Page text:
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Go, Johnny, Go!

G Released Jun 1, 1959 1h 15m Musical List
Reviews 50% Audience Score 100+ Ratings At the end of another successful rock-'n'-roll concert at Loew's State Theater, groundbreaking disc jockey Alan Freed (Alan Freed) announces a talent search from the stage. Somewhere in the audience, wide-eyed usher and aspiring singer Johnny (Jimmy Clanton) listens attentively. Determined to become Freed's latest discovery, Johnny struggles to raise the money he'll need to record a demo. Along the way, he falls for fellow singer and orphan Julie Arnold (Sandy Stewart). Read More Read Less Watch on Prime Video Stream Now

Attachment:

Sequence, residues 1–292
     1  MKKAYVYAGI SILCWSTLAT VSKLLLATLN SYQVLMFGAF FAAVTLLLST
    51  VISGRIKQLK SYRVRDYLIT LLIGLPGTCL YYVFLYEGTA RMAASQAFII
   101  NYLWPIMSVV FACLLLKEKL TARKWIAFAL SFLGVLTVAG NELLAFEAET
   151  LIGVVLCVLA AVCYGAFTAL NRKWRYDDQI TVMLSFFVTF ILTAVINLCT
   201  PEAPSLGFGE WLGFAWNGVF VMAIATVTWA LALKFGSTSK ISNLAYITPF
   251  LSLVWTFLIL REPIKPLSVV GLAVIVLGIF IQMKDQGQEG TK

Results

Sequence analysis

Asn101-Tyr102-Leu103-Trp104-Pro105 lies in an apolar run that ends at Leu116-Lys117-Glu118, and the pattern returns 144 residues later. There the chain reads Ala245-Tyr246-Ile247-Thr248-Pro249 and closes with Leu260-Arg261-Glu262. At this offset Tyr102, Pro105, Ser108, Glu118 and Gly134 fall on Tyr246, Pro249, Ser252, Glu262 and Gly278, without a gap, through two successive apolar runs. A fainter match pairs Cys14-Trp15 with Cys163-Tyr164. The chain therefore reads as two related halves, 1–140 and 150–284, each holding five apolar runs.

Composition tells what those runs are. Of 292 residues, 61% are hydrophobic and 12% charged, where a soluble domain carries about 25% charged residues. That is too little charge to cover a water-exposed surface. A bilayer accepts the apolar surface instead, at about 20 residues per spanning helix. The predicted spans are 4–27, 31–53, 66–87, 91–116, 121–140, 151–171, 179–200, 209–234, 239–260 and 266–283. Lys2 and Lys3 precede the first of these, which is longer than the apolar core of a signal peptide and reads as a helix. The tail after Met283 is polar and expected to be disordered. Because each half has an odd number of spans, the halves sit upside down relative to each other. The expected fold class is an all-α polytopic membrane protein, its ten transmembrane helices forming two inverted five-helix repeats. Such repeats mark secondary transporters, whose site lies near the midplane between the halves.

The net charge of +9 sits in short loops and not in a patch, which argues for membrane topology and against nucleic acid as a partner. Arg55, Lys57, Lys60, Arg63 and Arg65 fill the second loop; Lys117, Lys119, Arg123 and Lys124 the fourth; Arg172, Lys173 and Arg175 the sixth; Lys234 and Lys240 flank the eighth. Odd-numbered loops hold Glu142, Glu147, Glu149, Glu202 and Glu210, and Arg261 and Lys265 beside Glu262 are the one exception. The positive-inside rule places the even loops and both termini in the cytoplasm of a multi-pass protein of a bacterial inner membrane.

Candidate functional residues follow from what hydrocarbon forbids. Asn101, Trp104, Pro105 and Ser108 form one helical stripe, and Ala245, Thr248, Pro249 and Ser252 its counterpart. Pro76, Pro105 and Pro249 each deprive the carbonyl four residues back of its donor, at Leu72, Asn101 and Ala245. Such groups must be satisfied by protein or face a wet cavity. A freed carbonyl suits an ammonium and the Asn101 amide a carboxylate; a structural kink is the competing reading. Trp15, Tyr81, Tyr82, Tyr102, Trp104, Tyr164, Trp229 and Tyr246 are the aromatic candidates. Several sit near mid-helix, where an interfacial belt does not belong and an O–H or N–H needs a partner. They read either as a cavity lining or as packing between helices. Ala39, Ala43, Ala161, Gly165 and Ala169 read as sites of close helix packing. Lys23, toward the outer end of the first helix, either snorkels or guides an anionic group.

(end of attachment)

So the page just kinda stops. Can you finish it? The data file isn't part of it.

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Go, Johnny, Go!

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Critics Reviews

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Kimberly Pierce Ticklish Business All in all...Go Johnny Go! is less a movie and more a very specific snapshot of a very particular era... The film is a fascinating and important watch... for fans of early rock and roll just dont pay close attention to the acting or the script. Rated: 3/5 Apr 21, 2022 Full Review Read all reviews

Audience Reviews